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Riskier borrowers under inflation pressure frozen out of US car loans

Lenders are lending less to car buyers with the riskiest profiles, a sign that they are bracing for an economic slowdown that could test people’s ability to pay their debts.

The slump in credit to so-called subprime borrowers comes as used car prices remain high and record gasoline prices are driving up the cost of driving. Interest rates are rising as the Federal Reserve tries to contain inflation.

“A whole bunch of consumers just won’t be able to get a car,” said Jennifer Thomas, portfolio manager at Loomis Sayles.

Instead, lenders are targeting consumers with better credit scores, a trend seen in car loan pools used to cover the issuance of new debt through asset-backed securities.

Global Lending Services has cut the number of loans to borrowers with no credit score to 5.6 percent from the latest deal this month, down nearly 8 percent from the deal sold at the same time last year, according to data from S&P Global. The South Carolina-based lender also lowered the percentage of loans to other borrowers in the lower-end subprime lending segment, while increasing the number of loans to borrowers with a credit score of over 600.

Subprime is defined differently by different data providers, but it is generally considered to have a Fico credit score of less than 620.

The Santander bank’s subprime lending arm has also boosted lending to borrowers with a credit score of 601 and above. According to S&P, it reduced the number of loans to borrowers who had no credit score to less than 8 percent in its latest deal this year, from more than 12 percent for deals in early 2020 and late 2019.

At General Motors, owned by AmeriCredit, more than 13 percent of loans in the deal this month were for borrowers with a Fico score of 660 or higher, up from less than 3 percent last year.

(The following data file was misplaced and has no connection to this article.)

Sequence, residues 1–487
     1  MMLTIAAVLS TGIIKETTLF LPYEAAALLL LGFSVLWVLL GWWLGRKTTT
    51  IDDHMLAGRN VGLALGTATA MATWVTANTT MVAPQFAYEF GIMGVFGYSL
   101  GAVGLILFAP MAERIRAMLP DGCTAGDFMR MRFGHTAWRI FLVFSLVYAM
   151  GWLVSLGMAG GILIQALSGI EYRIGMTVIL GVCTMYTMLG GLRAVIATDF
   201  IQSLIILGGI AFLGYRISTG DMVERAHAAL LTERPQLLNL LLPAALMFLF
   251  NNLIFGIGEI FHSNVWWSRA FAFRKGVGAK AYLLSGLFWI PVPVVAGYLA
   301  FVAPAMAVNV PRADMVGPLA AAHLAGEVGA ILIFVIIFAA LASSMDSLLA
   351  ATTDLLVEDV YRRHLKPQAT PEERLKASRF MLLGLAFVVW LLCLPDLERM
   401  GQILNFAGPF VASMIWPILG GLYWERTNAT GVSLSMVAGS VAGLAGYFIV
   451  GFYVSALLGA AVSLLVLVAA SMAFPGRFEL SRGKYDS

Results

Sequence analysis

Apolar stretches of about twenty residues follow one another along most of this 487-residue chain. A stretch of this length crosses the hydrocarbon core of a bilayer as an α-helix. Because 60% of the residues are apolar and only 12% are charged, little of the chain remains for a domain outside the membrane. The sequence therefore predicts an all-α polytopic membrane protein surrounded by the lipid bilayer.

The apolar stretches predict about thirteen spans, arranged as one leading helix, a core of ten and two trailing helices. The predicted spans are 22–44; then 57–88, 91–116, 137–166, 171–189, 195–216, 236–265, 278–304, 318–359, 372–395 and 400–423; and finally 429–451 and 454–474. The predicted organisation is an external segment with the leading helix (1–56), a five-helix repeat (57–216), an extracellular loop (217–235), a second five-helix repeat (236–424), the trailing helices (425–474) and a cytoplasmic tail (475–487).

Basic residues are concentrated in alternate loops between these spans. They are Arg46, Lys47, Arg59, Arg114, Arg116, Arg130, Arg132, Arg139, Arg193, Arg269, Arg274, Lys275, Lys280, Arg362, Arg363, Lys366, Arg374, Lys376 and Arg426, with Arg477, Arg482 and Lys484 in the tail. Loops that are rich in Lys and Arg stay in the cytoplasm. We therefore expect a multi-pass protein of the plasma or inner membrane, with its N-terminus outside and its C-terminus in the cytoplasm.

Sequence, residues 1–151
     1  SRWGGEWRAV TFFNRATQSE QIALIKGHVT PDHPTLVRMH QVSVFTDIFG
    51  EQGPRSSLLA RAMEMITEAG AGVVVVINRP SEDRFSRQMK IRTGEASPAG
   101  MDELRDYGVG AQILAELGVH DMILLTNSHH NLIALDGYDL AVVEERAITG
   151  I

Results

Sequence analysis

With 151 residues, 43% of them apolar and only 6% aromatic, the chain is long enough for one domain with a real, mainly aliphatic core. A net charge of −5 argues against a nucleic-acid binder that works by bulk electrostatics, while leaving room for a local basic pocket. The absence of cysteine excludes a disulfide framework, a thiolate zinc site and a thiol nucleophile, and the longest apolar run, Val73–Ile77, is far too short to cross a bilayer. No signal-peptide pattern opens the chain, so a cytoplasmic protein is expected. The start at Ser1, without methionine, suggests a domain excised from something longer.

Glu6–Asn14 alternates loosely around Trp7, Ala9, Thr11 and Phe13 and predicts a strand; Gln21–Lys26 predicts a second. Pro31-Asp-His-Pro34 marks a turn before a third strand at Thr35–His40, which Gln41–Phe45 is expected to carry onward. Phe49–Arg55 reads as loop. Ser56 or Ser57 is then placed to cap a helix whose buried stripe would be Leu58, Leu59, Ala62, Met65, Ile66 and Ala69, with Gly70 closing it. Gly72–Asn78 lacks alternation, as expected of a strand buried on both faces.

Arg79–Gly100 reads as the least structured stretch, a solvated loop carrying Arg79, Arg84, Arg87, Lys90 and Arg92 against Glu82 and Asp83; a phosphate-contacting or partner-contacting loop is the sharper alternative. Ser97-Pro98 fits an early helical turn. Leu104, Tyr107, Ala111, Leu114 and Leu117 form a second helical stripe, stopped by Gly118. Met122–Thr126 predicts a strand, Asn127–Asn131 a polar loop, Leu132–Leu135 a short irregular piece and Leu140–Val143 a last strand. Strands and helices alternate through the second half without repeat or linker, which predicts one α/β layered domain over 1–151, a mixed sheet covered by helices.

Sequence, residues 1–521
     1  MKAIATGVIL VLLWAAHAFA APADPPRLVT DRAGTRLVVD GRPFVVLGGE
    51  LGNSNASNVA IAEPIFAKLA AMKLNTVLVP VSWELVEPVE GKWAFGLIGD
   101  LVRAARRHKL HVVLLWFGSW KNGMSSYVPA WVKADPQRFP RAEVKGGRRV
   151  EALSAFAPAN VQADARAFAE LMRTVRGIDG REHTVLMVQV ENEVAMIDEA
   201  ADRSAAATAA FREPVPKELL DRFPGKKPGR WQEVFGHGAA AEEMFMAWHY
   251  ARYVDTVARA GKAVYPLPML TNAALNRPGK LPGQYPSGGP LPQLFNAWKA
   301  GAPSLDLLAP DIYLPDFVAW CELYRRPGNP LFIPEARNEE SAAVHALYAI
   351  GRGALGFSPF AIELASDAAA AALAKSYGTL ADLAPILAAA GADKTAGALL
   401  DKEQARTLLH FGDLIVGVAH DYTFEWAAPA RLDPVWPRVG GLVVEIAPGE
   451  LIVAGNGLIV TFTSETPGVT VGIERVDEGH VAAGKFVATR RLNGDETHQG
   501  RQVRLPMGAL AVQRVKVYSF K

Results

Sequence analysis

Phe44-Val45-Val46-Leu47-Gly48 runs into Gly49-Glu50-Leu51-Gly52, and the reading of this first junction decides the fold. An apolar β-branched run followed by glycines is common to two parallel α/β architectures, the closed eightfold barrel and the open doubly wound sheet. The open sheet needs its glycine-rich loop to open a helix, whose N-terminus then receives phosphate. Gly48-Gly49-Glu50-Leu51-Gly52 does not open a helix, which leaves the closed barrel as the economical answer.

Amy Martin, head of auto ABS research at rating agency S&P Global, said there is a similar trend among other subprime auto ABS publishers, as rising interest rates and rising inflation are expected to put increasing pressure on consumer finances.

“A number of issuers have told us they are trying to be more conservative and eliminate the lowest quality buckets as they are concerned about inflationary pressures on their customer base,” Martin said.

Used car and truck prices are outpacing US inflation, rising 16.1 percent year-on-year through May, the government reported last week. According to Experian, the average used car loan amount has risen nearly $4,000 in the past year for deep subprime borrowers, with the average monthly payment rising $78 to $425.

Interest rates on loans in recent subprime ABS deals have typically been around 20 percent.

“A lot of issuers have just cut off the bottom end of consumers saying they can’t afford these cars,” says Thomas van Loomis Sayles.

For outstanding loans, some borrowers are starting to have a hard time paying off their debts. While delinquencies remain in line with seasonal trends, the number of write-offs on subprime and borrowers with more than 60 days of delinquency has risen to a new all-time high this year, according to data from Equifax.

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